Brothers-in-law who have coached together, now are coaching opposite each other this Friday night when Amelia travels to Glen Este for a non-division varsity football game of the Fort Ancient Valley Conference.
This is probably the first of its kind in Clermont County sports history, brother-in-law (Zak Taylor, Glen Este head football coach) versus brother-in-law (Randy Hospelhorn, Amelia head football coach).
Jackie Taylor, a 1968 graduate of Amelia High School, is the young lady in the middle. She is the wife of Randy and the sister of Zak. She recalls the first time she saw her future husband was at the Amelia-Glen Este football game their senior year when she was a member of the Amelia marching band and he was a member of the Trojan varsity gridders.
Randy, a 1968 graduate of Glen Este High School, remembers the first meeting, differently. He recalled they were both members of their respective school bands and outside of football season he and Jackie were members of a combined West Clermont band (he played tuba and sousaphone and she played saxophone) that traveled to Manchester and Ripley for performances and it was then they met.
It is the 1966-67 school year, it is after lunch and a bunch of us Amelia High juniors are gathered in the lobby gabbing. Jackie joins the group and tells us her mother is expecting a baby. It's been 13 years since her last child and we can't help but laugh and ask why she would make up such a story. She finally convinces all of us class of '68ers she's serious. But myself, Betty Thompson, Cathy Barton, Annabelle Evans, Cherylene Bissantz, Jill Beach, Kathy Newman, Connie Malott, Joe Snider, Bill Wiseman, Jerry Blankenship, Alan Kirk, Freddie Maschmeier, Dave Batchler, Tim Dincler, and Kurt Franke can't control our laughter.
Nine months later Jackie becomes the sister of Zachary Taylor.
I always had a tendency to believe Jackie, she and I had been excellent friends since kindergarten. Mrs. Frances' kindergarten class was the first in Clermont County history during the 1955-56 school year. Her dad and mom, Harold and Vivian, and my dad and mom, Theodore and Catherine, were good friends before we were born. Our dads worked together for years at the Baldwin Piano Company Ancor Plant near Newtown.
Randy remembers his first meeting with Zak. "He was waddling around in his house in a diaper."
Fast forward to the 1986 football season. Then Amelia, now Batavia High, head football coach Ron Ogden asked Randy, then a West Clermont youth football coach, to be an assistant coach for him. At first he refused, but soon after agreed to join the staff. He remains at the barony and becomes the defensive coordinator under head coach Mike Hall through the 1996-97 season. He and Zak's first appearance as coaches against each other was on the freshman level of play.
Randy moved on to be the defensive coordinator under Mark Slagle for one season at Clermont Northeastern High School. Then he returned to Amelia for one season under Jay Miller. He recalls that year being of special importance. Among the assistant coaches was, Kevin, Randy's son, and James Collins, now athletic director at Amelia High, who hired Randy this year to be the head coach of the Barons.
Then Zak is hired as the new head coach at Glen Este and Randy joins the staff of his brother-in-law as the defensive coordinator.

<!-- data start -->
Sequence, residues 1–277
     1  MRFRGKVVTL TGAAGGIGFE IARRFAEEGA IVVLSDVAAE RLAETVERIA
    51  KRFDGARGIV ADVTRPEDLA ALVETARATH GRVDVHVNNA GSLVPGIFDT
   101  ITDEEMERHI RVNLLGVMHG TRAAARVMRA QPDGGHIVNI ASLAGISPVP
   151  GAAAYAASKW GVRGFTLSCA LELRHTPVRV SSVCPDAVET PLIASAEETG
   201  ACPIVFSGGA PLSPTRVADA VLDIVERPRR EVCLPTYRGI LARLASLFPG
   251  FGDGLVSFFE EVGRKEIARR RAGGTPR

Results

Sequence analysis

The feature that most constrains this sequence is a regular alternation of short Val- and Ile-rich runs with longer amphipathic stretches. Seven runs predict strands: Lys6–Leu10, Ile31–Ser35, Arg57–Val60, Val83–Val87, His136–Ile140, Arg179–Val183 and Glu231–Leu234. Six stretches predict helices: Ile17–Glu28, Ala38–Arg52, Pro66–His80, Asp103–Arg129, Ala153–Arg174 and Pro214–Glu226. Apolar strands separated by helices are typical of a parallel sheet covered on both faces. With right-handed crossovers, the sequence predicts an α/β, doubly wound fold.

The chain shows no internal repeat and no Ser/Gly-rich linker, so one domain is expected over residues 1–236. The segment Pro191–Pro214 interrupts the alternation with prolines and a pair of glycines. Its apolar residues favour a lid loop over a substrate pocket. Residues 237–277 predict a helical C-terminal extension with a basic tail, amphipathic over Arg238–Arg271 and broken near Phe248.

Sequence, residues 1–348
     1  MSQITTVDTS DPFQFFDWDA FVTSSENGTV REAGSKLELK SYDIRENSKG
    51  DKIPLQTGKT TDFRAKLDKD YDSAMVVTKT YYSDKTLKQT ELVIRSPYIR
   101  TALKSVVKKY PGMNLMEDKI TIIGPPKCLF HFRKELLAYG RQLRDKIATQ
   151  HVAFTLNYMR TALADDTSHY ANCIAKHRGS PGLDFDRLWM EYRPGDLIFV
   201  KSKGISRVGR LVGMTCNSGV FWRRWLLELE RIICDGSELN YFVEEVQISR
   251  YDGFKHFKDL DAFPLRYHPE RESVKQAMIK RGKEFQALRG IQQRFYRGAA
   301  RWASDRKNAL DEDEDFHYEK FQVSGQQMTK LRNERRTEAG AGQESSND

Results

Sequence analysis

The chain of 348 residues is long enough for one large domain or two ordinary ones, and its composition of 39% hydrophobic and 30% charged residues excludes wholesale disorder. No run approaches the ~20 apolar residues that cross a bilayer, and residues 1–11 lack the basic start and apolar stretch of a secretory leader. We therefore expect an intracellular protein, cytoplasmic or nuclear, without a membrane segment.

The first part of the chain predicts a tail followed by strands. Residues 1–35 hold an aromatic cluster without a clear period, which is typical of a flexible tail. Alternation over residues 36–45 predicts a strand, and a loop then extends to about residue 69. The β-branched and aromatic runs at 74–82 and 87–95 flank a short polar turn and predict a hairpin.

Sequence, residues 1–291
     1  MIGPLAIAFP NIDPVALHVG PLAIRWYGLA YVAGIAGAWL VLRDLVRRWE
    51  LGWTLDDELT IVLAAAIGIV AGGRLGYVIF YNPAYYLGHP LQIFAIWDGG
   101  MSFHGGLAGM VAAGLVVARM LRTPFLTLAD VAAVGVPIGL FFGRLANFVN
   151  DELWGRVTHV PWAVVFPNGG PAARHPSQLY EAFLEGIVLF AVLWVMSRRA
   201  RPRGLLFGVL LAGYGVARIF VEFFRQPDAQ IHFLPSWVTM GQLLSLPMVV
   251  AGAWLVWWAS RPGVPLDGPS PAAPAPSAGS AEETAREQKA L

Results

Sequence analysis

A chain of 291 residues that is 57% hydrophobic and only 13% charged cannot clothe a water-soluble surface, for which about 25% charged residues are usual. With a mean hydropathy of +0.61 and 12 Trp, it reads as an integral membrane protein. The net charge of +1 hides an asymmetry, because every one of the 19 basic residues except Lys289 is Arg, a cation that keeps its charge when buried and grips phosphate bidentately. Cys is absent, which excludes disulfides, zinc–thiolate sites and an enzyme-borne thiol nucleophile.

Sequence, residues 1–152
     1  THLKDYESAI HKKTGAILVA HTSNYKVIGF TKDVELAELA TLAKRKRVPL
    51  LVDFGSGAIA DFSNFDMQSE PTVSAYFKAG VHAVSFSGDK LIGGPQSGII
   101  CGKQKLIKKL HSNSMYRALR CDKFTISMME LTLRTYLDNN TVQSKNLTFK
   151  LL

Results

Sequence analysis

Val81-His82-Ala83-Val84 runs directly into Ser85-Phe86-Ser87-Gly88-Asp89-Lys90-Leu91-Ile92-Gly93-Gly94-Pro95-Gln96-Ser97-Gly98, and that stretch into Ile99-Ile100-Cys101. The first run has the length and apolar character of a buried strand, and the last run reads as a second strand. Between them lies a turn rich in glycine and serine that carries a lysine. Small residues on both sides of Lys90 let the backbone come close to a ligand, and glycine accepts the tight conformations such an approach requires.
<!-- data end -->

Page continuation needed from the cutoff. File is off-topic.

Their high school careers during the "Bell Game" were very similar. Both were on the winning team their first three years of high school and then as seniors Amelia beat Randy's Trojans and Glen Este beat Zak's Barons.
"I'd like to be half the coach Zak is. He has tremendous football knowledge and is a great motivator and cares very much about his players. I have the utmost respect for him. I have respect for his players, too. I've coached most of them, but all of my loyalties are for Amelia now. I do root for Zak all the time, though, when we're not playing him.
"My goal has always been to be a head football coach. When James hired me this year it fulfilled a life long dream. I'm lucky to have the staff I've got, too. They're mostly Amelia graduates I've coached and they do a heck of a job. When I was looking for people to hire for my staff I looked for good people first and then for their coaching abilities."
Jackie is optimistic. "This will be fun. It's just a game and we're all supposed to have fun at games. I'd like to see both teams play their best game and everyone go home happy.
"I'm rooting for both of them. I don't want either of them to lose. . .
"I've worked at both schools and both have great kids."
Vivian Taylor is having quite a time with this situation.
"I wish they didn't have to play each other. I love 'em both. This is really hard on me.
"I've been a big Amelia fan for years. I never thought I'd ever root against Amelia or wear purple. Then Zak started coaching at Glen Este."
Tayor is a 1984 graduate of Amelia where he starred on the gridiron there and at Defiance College.
His coaching career included a season at Bethel-Tate Junior High, one year as a high school varsity assistant and nine years as the Bethel-Tate head coach. He then took a job to be the line coach at Batavia High School.
Ten years ago he began his stellar career as the head coach at Glen Este, very quickly turning a dismal program into a major winner earning state playoff appearances. He hired his brother-in-law to be the defensive coorinator for seven seasons where he made GE a formidable defensive team the same as he had done for the Barons.
"I was four when Jackie and Randy got married," said Taylor. "I'm happy he's getting the opportunity to be a head coach. I wish the best for him and Amelia.
"Randy is very respected and well-liked and tireless. He's always well-prepared and at Glen Este he made us what we are.
"The game is important for both of us, but I'm approaching it like any other game."
A win for Taylor will be his 100th as a head coach.